From: Russ Fink (firstname.lastname@example.org)
From: "Russ Fink" <email@example.com> Subject: tcptrace problems with AVL vs. hash Date: Thu, 12 Aug 2004 09:20:35 -0400 Message-ID: <BAY1-F8JkYvwOwTURGt000352e4@hotmail.com>
I am a new user to tcptrace, version 6.6.1, and ran it successfully on
several smaller data sets. However, when I cranked this up on a huge data
file running it overnight, top(1) reported 99%CPU, over 250M of resident
memory, and apparently ceased making progress and was hung the next morning.
The data set was taken from MIT's Lincoln Labs set of network intrusion
data, one of the "clean" data sets available at:
http://www.ll.mit.edu/IST/ideval/data/data_index.html . The specific data
set was ./1999/testing/week5/thursday/outside.tcpdump.gz (uncompressed). It
has roughly 81,000 connections total by my best estimate.
On further investigation of the code, I ran across a comment in tcptrace.h
that a hash table approach for storing tcp connections was replaced in favor
of an AVL tree approach. The specific reason for doing so was that using a
hash "might lead to a worst case scenario when many connections hash to the
same hash table entry. In such a case, searching for the connections
degrades to searching a linked list with a worst case complexity of O(number
of connections in list)."
Sorry to say, this logic holds no water. Any reasonable hash function will
ensure that the number of collisions is minimal, giving an overall O(1)
performance. When maintaining tcp connections, the best hash approach is to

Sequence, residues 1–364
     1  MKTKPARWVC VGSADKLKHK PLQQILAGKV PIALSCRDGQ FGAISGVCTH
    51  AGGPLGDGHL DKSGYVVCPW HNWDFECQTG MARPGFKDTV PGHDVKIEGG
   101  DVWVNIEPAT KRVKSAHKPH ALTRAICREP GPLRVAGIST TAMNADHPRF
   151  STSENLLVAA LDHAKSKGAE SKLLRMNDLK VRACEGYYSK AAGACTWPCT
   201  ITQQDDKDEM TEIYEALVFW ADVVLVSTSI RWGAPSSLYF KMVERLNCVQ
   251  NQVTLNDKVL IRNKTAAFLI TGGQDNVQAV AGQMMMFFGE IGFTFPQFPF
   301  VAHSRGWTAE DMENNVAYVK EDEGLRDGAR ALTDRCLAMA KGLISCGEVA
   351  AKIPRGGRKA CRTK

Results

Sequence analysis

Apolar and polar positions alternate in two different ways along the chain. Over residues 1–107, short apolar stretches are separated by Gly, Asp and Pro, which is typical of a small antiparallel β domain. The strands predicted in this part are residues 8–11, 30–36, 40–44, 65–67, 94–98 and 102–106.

hash the address quad of the connection (source/dest IP/port). Balanced AVL
trees on the other hand, and any recursive algorithm, tend to suffer greatly
in terms of stack size and efficiency. There is much wasted time trying to
reorder the tree with each and every new connection that comes in. Although
it is O(ln(n)), this is greatly worse than O(1) on any large data set.
As further merit to the hash function, the libnids library
(http://libnids.sourceforge.net/) essentially solves the same problem of
maintaining tcp connections in a table, but implements a hash approach to
connection lookup and the average number of collisions turns out to be very
As for the problem of getting hung overnight, I am not saying the AVL tree
is the cause of the problem. I have not investigated the cause at all,
beyond running top. What happened was that initial grepping of code turned
up this discussion of AVL trees, and a comment with some flawed logic, which
led to my post.
I am going to try an older version of tcptrace to see if it can successfully
run the 81,000 data set in a reasonable amount of time.
Other than this, the interface and the design of the program is well done.
On the road to retirement? Check out MSN Life Events for advice on how to
get there! http://lifeevents.msn.com/category.aspx?cid=Retirement
To unsubscribe, send a message with body containing "unsubscribe tcptrace" to
This archive was generated by hypermail 2.1.7 : 08/12/04 EDT